Because the body is rotating, gravity is NEGLECTED. If you dont believe me take the chain off and see if the cranks will rotate by themselves, they don't!
If you remove weight from the shoe then you reduce the energy required to accelerate to a particular speed, by a greater amount than if the same mass was romoved from a non rotating part of the bike.
Obviously on a flat road once you are up to speed the difference will be negligible except for when changing gears. But it is important to realise that masses on th earth are ALWAYS accelerating downwards and when you go up hill, even at constant speed, you have to counteract the gravitaional acceleration with your legs, with a force proportional to the mass of the bike.

12. ### Blimp New Member

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Man eats own toes

An Austrian man cut off his toes, fried them up and ate them between two slices of bread after getting high sniffing butane gas.

When ambulance men arrived he offered to share his meal with them, passing over a toe and saying: "It tastes like chicken, do you want some, there's a few still left over."

Police said the 35-year-old suddenly became very hungry after sniffing the gas and had searched all his kitchen cupboards, but found nothing to eat.

Grabbing a kitchen knife he cut off his toes on his left foot and dropped them in the frying pan.

The man's sister called the police when she walked into the kitchen and saw him making the toe sandwich.

By the time ambulance men arrived there was little of the hacked-off toes left and a spokesman said: "What there was, was too badly burned to re-attach."

A police spokesman added: "He told the ambulance men that he had more toes than he needed and didn't think he would notice if he got rid of a few."

He was taken to a hospital in Steyr where he is recovering from his injuries.

Story filed: 08:54 Wednesday 18th June 2003

13. ### edd New Member

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tafi

OH !
if your right and I'm wrong. Which is probably the case. The questions that begs an answer is; Is it going to really make any difference to the performance of the rider/bike ? And are we going to see people removing the lower parts of their legs ( from just below the knee ) to have super lightweight carbon fibre "pedalimbs" implanted ?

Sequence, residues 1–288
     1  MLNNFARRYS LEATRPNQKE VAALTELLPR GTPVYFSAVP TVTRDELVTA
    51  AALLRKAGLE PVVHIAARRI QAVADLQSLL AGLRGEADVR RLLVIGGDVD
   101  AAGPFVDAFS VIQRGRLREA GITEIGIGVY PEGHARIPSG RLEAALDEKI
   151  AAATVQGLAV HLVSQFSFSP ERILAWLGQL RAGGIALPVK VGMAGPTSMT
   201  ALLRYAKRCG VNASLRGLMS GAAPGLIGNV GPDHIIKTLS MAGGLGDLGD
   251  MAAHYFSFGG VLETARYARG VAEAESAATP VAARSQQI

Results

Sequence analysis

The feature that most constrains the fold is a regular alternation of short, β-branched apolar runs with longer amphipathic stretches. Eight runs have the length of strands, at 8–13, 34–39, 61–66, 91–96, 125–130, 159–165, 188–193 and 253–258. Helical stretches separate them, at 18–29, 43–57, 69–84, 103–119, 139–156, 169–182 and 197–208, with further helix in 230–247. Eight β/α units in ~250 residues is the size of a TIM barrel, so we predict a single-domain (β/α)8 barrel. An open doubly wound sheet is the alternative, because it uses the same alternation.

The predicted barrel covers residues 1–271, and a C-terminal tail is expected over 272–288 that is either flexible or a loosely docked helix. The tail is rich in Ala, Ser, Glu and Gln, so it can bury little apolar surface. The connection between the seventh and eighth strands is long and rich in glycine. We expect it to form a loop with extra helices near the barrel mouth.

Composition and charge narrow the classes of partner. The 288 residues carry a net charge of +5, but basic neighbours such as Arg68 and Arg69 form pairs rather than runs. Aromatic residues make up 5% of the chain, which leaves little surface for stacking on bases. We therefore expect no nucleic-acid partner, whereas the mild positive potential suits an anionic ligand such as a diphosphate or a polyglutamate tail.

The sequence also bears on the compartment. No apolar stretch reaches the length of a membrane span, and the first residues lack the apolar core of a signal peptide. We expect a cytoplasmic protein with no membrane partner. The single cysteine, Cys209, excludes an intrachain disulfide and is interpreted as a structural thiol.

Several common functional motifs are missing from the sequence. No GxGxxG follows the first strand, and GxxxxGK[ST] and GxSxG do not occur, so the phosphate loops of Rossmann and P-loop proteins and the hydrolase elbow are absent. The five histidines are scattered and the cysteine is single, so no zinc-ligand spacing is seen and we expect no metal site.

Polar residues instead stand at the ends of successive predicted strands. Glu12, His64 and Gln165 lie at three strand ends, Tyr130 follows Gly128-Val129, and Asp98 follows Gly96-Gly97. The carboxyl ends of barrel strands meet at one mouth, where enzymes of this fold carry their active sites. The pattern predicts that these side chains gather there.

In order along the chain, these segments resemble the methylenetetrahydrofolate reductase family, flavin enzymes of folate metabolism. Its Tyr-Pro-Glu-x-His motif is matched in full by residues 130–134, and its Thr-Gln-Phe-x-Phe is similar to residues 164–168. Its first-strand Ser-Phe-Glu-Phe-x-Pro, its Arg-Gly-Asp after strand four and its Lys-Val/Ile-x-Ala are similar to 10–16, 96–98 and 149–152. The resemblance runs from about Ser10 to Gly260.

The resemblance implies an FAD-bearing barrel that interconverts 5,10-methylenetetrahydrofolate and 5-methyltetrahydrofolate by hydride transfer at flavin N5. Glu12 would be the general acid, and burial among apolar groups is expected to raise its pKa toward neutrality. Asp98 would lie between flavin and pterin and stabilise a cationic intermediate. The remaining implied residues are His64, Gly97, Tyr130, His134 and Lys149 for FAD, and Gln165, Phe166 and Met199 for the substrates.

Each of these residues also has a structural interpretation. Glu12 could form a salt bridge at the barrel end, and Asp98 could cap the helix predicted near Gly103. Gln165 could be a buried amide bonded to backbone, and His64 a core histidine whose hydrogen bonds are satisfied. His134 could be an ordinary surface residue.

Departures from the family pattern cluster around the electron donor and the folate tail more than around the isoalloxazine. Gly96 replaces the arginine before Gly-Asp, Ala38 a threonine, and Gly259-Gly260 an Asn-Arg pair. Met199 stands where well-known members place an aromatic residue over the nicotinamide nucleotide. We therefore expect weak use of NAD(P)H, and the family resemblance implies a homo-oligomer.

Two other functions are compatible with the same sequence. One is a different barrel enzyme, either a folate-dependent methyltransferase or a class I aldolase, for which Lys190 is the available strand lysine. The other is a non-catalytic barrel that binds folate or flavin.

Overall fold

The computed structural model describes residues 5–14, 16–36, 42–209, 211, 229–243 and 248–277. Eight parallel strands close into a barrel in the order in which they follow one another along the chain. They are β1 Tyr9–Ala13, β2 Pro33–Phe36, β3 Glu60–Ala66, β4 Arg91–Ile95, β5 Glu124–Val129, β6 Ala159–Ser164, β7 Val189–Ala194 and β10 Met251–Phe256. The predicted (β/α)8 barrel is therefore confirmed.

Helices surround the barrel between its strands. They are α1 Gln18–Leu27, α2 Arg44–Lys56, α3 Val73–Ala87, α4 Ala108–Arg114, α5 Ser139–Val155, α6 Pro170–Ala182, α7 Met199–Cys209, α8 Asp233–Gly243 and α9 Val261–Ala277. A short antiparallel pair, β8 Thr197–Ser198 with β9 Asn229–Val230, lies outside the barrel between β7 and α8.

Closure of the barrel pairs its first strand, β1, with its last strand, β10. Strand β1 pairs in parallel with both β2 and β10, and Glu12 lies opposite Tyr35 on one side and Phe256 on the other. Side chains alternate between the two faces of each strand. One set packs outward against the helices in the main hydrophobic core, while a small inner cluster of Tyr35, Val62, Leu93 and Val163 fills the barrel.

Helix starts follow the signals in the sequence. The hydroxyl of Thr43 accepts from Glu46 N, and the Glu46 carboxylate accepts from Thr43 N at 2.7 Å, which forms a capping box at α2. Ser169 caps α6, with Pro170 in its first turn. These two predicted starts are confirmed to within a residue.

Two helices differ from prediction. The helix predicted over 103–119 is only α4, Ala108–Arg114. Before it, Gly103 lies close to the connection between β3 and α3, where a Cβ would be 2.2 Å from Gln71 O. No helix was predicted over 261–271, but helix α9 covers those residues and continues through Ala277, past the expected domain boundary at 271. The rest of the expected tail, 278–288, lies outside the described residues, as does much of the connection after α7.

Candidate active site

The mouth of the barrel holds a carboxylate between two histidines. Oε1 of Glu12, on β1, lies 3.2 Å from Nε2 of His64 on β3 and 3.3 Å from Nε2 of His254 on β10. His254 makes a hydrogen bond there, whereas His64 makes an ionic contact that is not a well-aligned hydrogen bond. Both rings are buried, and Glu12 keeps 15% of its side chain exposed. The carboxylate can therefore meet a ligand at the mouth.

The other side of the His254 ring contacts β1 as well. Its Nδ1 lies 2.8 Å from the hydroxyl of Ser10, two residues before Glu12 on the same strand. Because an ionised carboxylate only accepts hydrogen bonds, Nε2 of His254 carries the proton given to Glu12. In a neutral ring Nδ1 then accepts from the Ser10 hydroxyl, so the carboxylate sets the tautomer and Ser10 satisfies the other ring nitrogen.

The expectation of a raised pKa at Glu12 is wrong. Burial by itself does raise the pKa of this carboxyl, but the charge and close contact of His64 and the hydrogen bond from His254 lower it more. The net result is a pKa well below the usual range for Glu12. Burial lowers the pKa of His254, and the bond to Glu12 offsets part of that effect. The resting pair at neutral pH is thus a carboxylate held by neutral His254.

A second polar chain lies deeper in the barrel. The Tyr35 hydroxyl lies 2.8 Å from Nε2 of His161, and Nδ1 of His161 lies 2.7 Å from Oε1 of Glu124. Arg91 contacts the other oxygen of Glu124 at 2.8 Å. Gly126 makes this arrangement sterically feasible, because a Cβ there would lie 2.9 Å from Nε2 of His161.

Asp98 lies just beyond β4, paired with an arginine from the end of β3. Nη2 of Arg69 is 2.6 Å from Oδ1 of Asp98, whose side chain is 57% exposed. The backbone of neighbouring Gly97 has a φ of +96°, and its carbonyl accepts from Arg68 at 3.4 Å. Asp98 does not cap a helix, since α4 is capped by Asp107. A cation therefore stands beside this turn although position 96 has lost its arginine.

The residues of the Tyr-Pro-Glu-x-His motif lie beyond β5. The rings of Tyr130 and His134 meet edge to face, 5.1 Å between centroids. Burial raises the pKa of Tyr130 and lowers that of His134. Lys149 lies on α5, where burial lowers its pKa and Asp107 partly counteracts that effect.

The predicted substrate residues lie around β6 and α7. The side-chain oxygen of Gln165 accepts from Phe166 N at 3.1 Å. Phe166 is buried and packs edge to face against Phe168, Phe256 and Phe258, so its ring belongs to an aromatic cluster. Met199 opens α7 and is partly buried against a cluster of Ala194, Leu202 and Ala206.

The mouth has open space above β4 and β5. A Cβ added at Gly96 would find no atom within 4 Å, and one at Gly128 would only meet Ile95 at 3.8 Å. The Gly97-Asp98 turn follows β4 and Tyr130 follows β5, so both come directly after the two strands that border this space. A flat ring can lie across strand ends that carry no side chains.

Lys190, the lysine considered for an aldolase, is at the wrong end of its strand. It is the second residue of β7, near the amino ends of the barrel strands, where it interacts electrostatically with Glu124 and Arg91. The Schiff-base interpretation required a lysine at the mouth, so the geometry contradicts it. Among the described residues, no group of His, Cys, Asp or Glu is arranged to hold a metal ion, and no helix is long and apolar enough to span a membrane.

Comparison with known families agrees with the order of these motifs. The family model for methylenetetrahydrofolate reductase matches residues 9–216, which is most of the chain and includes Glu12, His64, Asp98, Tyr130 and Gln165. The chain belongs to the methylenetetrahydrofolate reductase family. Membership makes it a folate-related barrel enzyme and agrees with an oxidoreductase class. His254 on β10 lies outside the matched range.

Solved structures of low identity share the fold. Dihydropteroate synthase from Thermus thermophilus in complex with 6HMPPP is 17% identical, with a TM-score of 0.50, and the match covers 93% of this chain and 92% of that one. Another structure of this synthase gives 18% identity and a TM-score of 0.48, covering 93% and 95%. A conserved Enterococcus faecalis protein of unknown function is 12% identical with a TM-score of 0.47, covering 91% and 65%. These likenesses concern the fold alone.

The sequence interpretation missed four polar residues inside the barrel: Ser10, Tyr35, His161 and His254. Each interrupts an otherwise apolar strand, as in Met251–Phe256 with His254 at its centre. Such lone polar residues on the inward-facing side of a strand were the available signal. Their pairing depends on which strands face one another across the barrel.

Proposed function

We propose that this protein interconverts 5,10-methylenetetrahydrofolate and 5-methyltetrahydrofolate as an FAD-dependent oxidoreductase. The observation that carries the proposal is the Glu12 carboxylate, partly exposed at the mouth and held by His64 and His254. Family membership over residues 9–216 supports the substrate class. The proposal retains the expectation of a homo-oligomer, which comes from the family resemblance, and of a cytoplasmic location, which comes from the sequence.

14. ### edd New Member

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by-the-way

I have never really trusted engineers. Reason does not equal reality.
Our calculations are limited to our understanding, which is afforded to us by our perceptions and our ineptness. Deep down below all of our education lies the true F....wit that is us.

Pedal like it matters hopefully science will catch up.

15. ### M2cycler New Member

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edd,

what do you mean by u have never really trusted engineers. i hope you don't really mean that. In fact you do trust them. if you didn't you wouldn't go careening down hills at 70 odd k an hour with a contact patch of around 2 sq inch. that would be a good example in how much you do trust them.

afforded to us by our perceptions and our ineptness, wtf.

hopefully science will catch up? catch up to what.

16. ### TheDude New Member

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Did you happen to see any footage or photos from the 1903 Tour de France? They were shown as part of the 100 year anniversary. I sincerely doubt you'd wish to regularly ride one of those old bikes.

You should thank the engineers for the efficient and comfortable ride we enjoy today. But those changes didn't come overnight - they come incrementally and very slowly. It's easy to scoff at any minor change, one needs to look at the big picture.

17. ### DurangoKid New Member

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This is the best explanation, as far as it goes.

However, crank motion on a bike is not uniform. There are constant accelerations and decelerations. Then there’s the irregular road surface and friction. One might argue that this is one of those “angels on the head of a pin” discussions. When one considers how much just body weight varies from day to day, at what point is the bias on the noise significant?

Where the rubber meets the road shaving a gram or two everywhere one can think of does add up. Where it really matters though is when the competition is so fierce that small amounts of mass translate into the few tenths of seconds between winning and placing. When is this the case in cycling? After watching Armstrong winning his fifth, I would say conditioning and tactics play a larger role.

I noticed some anti-engineering sentiments in some of the other postings. I think both the engineering and lay public should keep in mind that engineering is only as good as the models that are applied to the problem. Then there’s the issue of testing to validate the design. It may work on paper or in simulation, but can people build it and make it work? I’ve seen instances where politics and ill-defined requirements have made a muddle of a project. Engineering is a human activity and consequently is as fallible as humans. In the end, hubris is the enemy.